This computer was one of the first "home" computers ever made, it was sold as a kit, but for additional money, you could buy one fully assembled.
It had no keyboard, the "program" had to be entered with the switches located on the front panel of the "computer", and as it didn't have video output (yet), the result was displayed via LEDs.
Another computer which had almost the same characteristics was launched by IMSAI and was called IMSAI 8080 (see both in the "Emulators" section).
The ALTAIR 8800 had one input port, also called the "Sense Switches" (I/O address 255) which was the left hand 8 address switches. Address 255 was also used on the IMSAI. The IMSAI front panel differed from the Altair in that you could also output to port 255 to a displayed LED buffer above the sense switches - a feature the Altair did not have (it only had input). The Altair sense switch were used during boot into Altair DOS to specify the terminal port to the DOS.
MITS made several peripherals and cards for this computer, namely, a video card, a serial card to connect a terminal, a RAM expansion card and a 8" floppy drive that used hard sectored floppies and stored 300 KB.
Several models were launched, they had the same characteristics except the CPU (8080 and later 8080A).
Believe it or not, the name "Altair" comes from Star Trek! The young daughter of the 'Popular Electronics' magazine editor gave it the name of the destination planet of the Enterprise from the episode she was watching.
Ha! The name Altair came from the great sci-fi movie of the 1950''s, ''''Forbidden Planet", starring Leslie Nielson. Evidently Mr. Roddenberry was a Forbidden Planet fan as well!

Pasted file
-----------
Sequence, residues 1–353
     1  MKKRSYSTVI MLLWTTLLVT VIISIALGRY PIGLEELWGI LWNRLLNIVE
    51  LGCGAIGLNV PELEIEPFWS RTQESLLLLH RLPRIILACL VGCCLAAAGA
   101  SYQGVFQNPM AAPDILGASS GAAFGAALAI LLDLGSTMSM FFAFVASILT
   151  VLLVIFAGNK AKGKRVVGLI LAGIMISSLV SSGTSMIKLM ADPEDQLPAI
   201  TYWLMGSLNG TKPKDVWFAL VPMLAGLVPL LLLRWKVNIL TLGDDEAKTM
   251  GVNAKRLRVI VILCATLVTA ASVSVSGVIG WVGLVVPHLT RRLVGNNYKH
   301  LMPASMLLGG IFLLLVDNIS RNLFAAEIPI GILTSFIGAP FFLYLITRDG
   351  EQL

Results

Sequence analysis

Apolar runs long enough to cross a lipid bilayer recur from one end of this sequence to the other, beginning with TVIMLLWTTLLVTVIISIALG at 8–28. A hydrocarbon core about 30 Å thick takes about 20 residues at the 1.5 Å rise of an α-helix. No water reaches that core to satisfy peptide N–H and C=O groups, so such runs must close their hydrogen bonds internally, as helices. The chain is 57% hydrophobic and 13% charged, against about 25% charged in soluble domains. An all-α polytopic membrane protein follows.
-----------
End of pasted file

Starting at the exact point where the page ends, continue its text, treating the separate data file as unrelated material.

Monday 11th April 2011
Dave Brandt (US)
I had an early Altair bought as a kit from Dick Heiser''s computer store in Los Angeles, had it in my Winnebago motorhome with a LS 7700A terminal.
On a trip around the US in the motorhome, I bought a second dynamic 4K card from Bruce Seals (later to become Seals Electronics - another story) at his Knoxville, TN Byte Shop. The card didn''t work, stopped at MITS in NM on the way back to California, they showed me their repair facility and said that I could leave the card to be repaired if I wanted, said "no thanks" after seeing the 50 or 60 card pile awaiting repair.
I fixed the card myself, finding the refresh timimg was off, they used one-shots to time the refresh, with poor timing components. It took a dual trace scope and careful comparison against my working 4K card.
I used the Altair for many years, toggling in the bootstrap loader for the basic loaded from cassete tape.
Monday 5th January 2009
Pete Bickerdike (USA)
In 1975 When Bill Gates and Paul Allen Got their lates copy of Popular Electronics With The Story about the Altair 8800 they realised that this was what they were waiting for, they started a new company soon after called Micro-Soft